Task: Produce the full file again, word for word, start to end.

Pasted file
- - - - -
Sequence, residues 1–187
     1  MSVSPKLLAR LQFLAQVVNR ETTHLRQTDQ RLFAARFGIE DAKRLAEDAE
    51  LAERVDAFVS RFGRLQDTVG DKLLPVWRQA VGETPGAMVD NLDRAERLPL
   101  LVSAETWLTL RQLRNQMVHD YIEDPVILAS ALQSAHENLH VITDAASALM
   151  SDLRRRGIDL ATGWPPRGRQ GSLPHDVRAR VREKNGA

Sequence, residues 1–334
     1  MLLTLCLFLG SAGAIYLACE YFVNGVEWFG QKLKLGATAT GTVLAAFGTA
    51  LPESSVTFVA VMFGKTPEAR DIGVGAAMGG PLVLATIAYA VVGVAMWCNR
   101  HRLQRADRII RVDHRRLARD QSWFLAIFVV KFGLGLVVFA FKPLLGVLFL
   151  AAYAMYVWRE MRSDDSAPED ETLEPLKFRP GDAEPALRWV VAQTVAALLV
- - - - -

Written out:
Sequence, residues 1–187
     1  MSVSPKLLAR LQFLAQVVNR ETTHLRQTDQ RLFAARFGIE DAKRLAEDAE
    51  LAERVDAFVS RFGRLQDTVG DKLLPVWRQA VGETPGAMVD NLDRAERLPL
   101  LVSAETWLTL RQLRNQMVHD YIEDPVILAS ALQSAHENLH VITDAASALM
   151  SDLRRRGIDL ATGWPPRGRQ GSLPHDVRAR VREKNGA

Sequence, residues 1–334
     1  MLLTLCLFLG SAGAIYLACE YFVNGVEWFG QKLKLGATAT GTVLAAFGTA
    51  LPESSVTFVA VMFGKTPEAR DIGVGAAMGG PLVLATIAYA VVGVAMWCNR
   101  HRLQRADRII RVDHRRLARD QSWFLAIFVV KFGLGLVVFA FKPLLGVLFL
   151  AAYAMYVWRE MRSDDSAPED ETLEPLKFRP GDAEPALRWV VAQTVAALLV